ZFIN ID: ZDB-PUB-010705-7
Hedgehog signalling is required for maintenance of myf5 and myoD expression and timely terminal differentiation in zebrafish adaxial myogenesis
Coutelle, O., Blagden, C.S., Hampson, R., Halai, C., Rigby, P.W.J., and Hughes, S.M.
Date: 2001
Source: Developmental Biology   236(1): 136-150 (Journal)
Registered Authors: Blagden, Chris, Hampson, Richard, Hughes, Simon M.
Keywords: skeletal muscle; zebrafish; myf5; myoD; hedgehog; differentiation; somite; myoblast; myogenesis
MeSH Terms:
  • Amino Acid Sequence
  • Animals
  • Cell Differentiation
  • Cell Lineage
  • Cell Survival
  • Cloning, Molecular
  • DNA-Binding Proteins*
  • Hedgehog Proteins
  • Immunohistochemistry
  • In Situ Hybridization
  • In Situ Nick-End Labeling
  • Molecular Sequence Data
  • Muscle Proteins/biosynthesis*
  • Muscles/embryology
  • Mutation
  • MyoD Protein/biosynthesis*
  • Myogenic Regulatory Factor 5
  • Notochord/metabolism
  • Phenotype
  • Proteins/metabolism*
  • Sequence Homology, Amino Acid
  • Signal Transduction*
  • Time Factors
  • Trans-Activators*
  • Up-Regulation
  • Zebrafish
PubMed: 11456450 Full text @ Dev. Biol.
FIGURES
ABSTRACT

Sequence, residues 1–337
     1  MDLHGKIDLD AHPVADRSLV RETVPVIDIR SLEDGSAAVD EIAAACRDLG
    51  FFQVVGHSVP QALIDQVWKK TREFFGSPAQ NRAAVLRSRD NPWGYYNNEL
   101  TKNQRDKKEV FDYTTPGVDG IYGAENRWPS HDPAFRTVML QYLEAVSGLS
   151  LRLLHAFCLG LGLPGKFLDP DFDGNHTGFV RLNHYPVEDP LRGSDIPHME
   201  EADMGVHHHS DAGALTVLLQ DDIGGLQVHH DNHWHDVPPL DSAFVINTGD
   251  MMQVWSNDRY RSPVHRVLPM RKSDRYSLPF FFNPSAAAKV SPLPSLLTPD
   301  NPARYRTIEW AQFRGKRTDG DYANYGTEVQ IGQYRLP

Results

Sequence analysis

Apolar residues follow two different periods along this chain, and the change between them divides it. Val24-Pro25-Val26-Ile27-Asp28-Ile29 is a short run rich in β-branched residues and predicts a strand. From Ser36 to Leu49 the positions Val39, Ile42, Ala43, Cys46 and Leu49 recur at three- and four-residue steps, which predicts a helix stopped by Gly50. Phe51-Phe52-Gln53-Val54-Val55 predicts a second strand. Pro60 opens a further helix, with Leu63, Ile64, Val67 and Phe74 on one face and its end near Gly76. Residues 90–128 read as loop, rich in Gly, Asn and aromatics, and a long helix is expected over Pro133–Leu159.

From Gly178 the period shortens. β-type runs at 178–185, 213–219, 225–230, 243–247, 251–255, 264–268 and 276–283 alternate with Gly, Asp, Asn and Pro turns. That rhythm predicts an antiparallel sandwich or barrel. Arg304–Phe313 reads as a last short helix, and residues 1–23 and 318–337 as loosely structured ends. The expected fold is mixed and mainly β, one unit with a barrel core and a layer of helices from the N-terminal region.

Hedgehog proteins have been implicated in the control of myogenesis in the medial vertebrate somite. In the mouse, normal epaxial expression of the myogenic transcription factor gene myf5 is dependent on Sonic hedgehog. Here we examine in zebrafish the interaction between Hedgehog signals, the expression of myoD family genes, including the newly cloned zebrafish myf5, and slow myogenesis. We show that Sonic hedgehog is necessary for normal expression of both myf5 and myoD in adaxial slow muscle precursors, but not in lateral paraxial mesoderm. Expression of both genes is initiated normally in rostral presomitic mesoderm in sonic you mutants, which lack all Sonic hedgehog. Similar initiation continues during tailbud outgrowth when the cells forming caudal somites are generated. However, adaxial cells in sonic you embryos are delayed in terminal differentiation and caudal adaxial cells fail to maintain myogenic regulatory factor expression. Despite these defects, other signals are able to maintain, or reinitiate, some slow muscle development in sonic you mutants. In the cyclops mutant, the absence of floorplate-derived Tiggywinkle hedgehog and Sonic hedgehog has no discernible effect on slow adaxial myogenesis. Similarly, the absence of notochord-derived Sonic hedgehog and Echidna hedgehog in mutants lacking notochord delays, but does not prevent, adaxial slow muscle development. In contrast, removal of both Sonic hedgehog and a floorplate signal, probably Tiggywinkle hedgehog, from the embryonic midline in cyclops;sonic you double mutants essentially abolishes slow myogenesis. We conclude that several midline signals, likely to be various Hedgehogs, collaborate to maintain adaxial slow myogenesis in the zebrafish embryo. Moreover, the data demonstrate that, in the absence of this required Hedgehog signalling, expression of myf5 and myoD is insufficient to commit cells to adaxial myogenesis.
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